What could be better after a hard day’s sightseeing? Visitors to Liverpool, birthplace of the Beatles, can rest their heads in the Lennon or McCartney suites at the Fab Four-themed Hard Days Night Hotel that opened Friday.
More than 45 years after John, Paul, George and Ringo emerged from Liverpool’s tiny, sweaty clubs to conquer the world, the Beatles industry is key to this battered-but-proud city’s attempt to transform itself from fading commercial hub to thriving cultural hotbed.
The 110-room Hard Days Night Hotel hopes to be its newest attraction.
“It’s stunning, spectacular,” said Julia Baird, John Lennon’s half-sister, after being shown around the $1,300-a-night penthouse suite named for her brother. “It’s like Liverpool. Outside it hasn’t changed, but inside there’s rocketing change.”
A smart, four-star establishment housed within a 19th century mercantile building, the hotel aims to provide everything a Beatles fan could desire – from the Yellow Submarine jukebox in the lobby to the rare photographs on the walls – while also catering to corporate travelers and tourists on a weekend break.
“That was a very important part of the whole concept, to get the balance,” said Jonathan Davies, director of the developer that stepped in three years ago to revive stalled plans for the hotel. “People who don’t particularly like the Beatles – we want them to come to the hotel. And we’re sure they will come.”
The overall impression is more classy than kitsch. In many ways it’s a typical upmarket hotel, decorated in cream, black and chocolate brown. There’s a stylish bar, and a “modern European” restaurant serving organic salmon, free-range chicken and English lamb.
Downstairs are Hari’s basement bar, decorated with pictures of the bearded Beatles in their Maharishi-following days, and “The Two of Us,” a wedding chapel adorned with pictures of the Fab Four and their spouses.
The guest rooms, which start at $340 a night, are decorated with artwork by American painter Shannon, “The World’s Greatest Beatles Artist” – a title officially bestowed on her by the Lord Mayor of Liverpool.
Most luxurious are the two suites. The centerpiece of Lennon’s is a white baby grand piano, while McCartney’s contains a real suit of armor. Sir Paul is a knight, after all.
Beatles music plays at an unobtrusive volume in the lobby, the restaurant, even the restrooms.
So will the hotel offer a nonstop Beatles soundtrack?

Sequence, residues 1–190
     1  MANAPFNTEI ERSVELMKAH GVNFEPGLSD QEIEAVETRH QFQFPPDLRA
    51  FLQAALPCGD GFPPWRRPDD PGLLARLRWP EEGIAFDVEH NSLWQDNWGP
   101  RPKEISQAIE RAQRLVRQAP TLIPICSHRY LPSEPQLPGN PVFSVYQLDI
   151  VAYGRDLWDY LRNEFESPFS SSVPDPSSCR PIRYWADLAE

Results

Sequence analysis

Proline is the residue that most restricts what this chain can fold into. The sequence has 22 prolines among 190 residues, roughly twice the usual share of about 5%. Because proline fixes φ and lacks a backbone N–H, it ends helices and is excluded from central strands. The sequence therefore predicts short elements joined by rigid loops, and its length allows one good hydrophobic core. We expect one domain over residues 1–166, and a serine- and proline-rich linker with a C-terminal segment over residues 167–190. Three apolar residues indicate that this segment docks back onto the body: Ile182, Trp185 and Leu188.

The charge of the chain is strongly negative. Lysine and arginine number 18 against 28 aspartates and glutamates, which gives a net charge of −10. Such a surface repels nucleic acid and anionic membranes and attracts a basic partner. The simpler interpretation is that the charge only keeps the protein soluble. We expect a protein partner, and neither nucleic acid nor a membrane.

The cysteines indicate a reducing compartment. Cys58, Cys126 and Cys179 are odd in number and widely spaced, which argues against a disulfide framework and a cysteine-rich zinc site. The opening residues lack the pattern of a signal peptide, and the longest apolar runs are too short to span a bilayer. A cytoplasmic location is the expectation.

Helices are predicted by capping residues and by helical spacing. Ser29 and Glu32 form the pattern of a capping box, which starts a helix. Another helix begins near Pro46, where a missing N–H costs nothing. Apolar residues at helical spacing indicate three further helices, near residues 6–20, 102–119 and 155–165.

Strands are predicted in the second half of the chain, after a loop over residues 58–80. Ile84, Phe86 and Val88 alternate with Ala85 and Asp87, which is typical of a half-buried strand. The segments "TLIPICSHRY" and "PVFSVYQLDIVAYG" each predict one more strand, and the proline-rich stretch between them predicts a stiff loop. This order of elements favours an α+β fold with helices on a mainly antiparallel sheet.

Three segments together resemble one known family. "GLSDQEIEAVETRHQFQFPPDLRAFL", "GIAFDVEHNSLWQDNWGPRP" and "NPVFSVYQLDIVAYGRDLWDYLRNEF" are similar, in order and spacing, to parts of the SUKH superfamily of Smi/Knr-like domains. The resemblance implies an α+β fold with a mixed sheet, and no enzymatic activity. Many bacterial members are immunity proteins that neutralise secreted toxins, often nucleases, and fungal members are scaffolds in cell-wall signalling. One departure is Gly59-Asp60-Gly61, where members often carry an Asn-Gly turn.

“No,” said general manager Mike Dewey. “That would drive me mad.”
The Beatles are never far away in Liverpool, a city of half a million about 200 miles northwest of London.
Just around the corner from the hotel on narrow, bar-lined Mathew Street is the Cavern Club – a reconstruction, on the original site, of the basement dive where The Beatles honed their skills. Down the street is the Cavern Walks shopping mall – or “boutique emporium” – complete with Beatles shop and Lucy in the Sky With Diamonds restaurant. Visitors can take Magical Mystery bus tours to Penny Lane, or visit the Beatles Story museum down on the city docks.
Some of it may verge on the tacky, but even on a blustery winter day a steady stream of tourists stop to have their picture taken beside the John Lennon statue at the end of the street. In the summer, it’s packed.
Liverpool has remade itself in other ways, too, with new art galleries, a thriving music scene and the title of European Capital of Culture for 2008, a status that is expected to bring thousands of extra tourists to a city long afflicted by a reputation for poverty and violence.
The visitors from across Europe checking in to the Hard Days Night Hotel on Friday suggest Liverpool’s attempt to improve its image may be working. Most were going on the inevitable Beatles tours, but also found plenty of other things to attract them.
Eddy Anselmi from Bologna, Italy, said he planned to visit the Tate Liverpool art gallery and attend a Liverpool Football Club soccer game.
He said he chose the hotel for “the idea of being the first customer of a place that will shape the new Liverpool. This place will be here in 10 or 20 years, and I can say I was here.”
General manager Dewey says the hotel’s backers have had no direct contact with the surviving Beatles, although Ringo Starr was quoted as saying he would have stayed at the hotel on a recent visit to the city, had it been open.
Baird is certain her brother and his bandmates would approve.
“In the middle of Liverpool? Around the corner from the Cavern? Of course they would.”